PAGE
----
(f) The prosecuting agency of each county shall have the primary responsibility for the enforcement of orders described in subdivisions (a), (b), (d), and (e).

(g) (1) Every person who owns, possesses, purchases, or receives a firearm knowing he or she is prohibited from doing so by the provisions of a protective order as defined in Section 136.2 of this code, Section 6218 of the Family Code, or Section 527.6, 527.8, or 527.85 of the Code of Civil Procedure, or Section 15657.03 of the Welfare and Institutions Code, shall be punished under Section 29825.
(2) Every person subject to a protective order described in paragraph (1) shall not be prosecuted under this section for owning, possessing, purchasing, or receiving a firearm to the extent that firearm is granted an exemption pursuant to subdivision (f) of Section 527.9 of the Code of Civil Procedure, or subdivision (h) of Section 6389 of the Family Code.

(h) If probation is granted upon conviction of a violation of subdivision (a), (b), (c), (d), or (e), the court shall impose probation consistent with Section 1203.097, and the conditions of probation may include, in lieu of a fine, one or both of the following requirements:
(1) That the defendant make payments to a battered women’s shelter or to a shelter for abused elder persons or dependent adults, up to a maximum of five thousand dollars ($5,000), pursuant to Section 1203.097.
(2) That the defendant reimburse the victim for reasonable costs of counseling and other reasonable expenses that the court finds are the direct result of the defendant’s offense.

(i) For any order to pay a fine, make payments to a battered women’ s shelter, or pay restitution as a condition of probation under subdivision (e), the court shall make a determination of the defendant’s ability to pay. In no event shall any order to make payments to a battered women’s shelter be made if it would impair the ability of the defendant to pay direct restitution to the victim or court-ordered child support. Where the injury to a married person is caused in whole or in part by the criminal acts of his or her spouse in violation of this section, the community property may not be used to discharge the liability of the offending spouse for restitution to the injured spouse, required by Section 1203.04, as operative on or before August 2, 1995, or Section 1202.4, or to a shelter for costs with regard to the injured spouse and dependents, required by this section, until all separate property of the offending spouse is exhausted.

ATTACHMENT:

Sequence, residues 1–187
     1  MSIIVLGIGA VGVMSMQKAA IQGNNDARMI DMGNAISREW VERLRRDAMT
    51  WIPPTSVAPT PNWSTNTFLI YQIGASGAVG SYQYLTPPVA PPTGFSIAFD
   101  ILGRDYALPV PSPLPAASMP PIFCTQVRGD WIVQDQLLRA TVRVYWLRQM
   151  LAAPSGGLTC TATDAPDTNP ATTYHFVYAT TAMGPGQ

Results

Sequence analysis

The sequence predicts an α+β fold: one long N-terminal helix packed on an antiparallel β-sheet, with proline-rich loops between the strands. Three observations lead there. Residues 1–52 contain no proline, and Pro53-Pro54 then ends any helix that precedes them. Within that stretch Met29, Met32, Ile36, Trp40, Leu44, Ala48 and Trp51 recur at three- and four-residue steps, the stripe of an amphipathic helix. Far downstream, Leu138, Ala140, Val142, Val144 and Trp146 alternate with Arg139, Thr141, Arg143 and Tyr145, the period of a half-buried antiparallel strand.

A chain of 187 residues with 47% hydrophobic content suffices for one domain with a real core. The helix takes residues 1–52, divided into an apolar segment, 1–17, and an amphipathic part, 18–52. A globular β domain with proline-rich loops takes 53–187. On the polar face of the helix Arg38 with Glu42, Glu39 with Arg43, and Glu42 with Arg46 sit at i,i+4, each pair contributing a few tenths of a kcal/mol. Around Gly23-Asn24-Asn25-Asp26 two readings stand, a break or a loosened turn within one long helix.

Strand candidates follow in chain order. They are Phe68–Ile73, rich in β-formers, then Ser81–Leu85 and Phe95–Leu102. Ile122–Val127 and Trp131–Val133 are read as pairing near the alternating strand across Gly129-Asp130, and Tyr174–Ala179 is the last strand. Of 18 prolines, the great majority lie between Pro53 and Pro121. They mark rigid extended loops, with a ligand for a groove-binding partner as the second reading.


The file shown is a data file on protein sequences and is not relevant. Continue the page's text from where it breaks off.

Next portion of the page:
Elements of Violation of a Restraining Order

To be found to have violated a restraining order, you must have:

  • known about the order
  • that the order was legally issued
  • and you intentionally violated the terms of the order

You have notice of the order if you are in court when the order is pronounced by the judge, or when a police officer either advises you or serves you with the restraining order.

Examples of Prohibited Conditions

A judge will order you to refrain from certain conduct or activities such as the following:

  • No contact with a person including phone calls, text messages or correspondence or visits at an office or school
  • You may not use force or violence against a person
  • To vacate your house and find new lodgings
  • To refrain from making threats against someone
  • To keep within a certain distance of someone or building
  • To not own or possess firearms during the length of the order

If you own any firearms, you are required to turn them over to a law enforcement agency or sell them to a licensed dealer.

Types of Restraining Orders

There are 4 different types of restraining orders:

1) Domestic violence: issued to protect an intimate partner who has suffered physical injury or mental abuse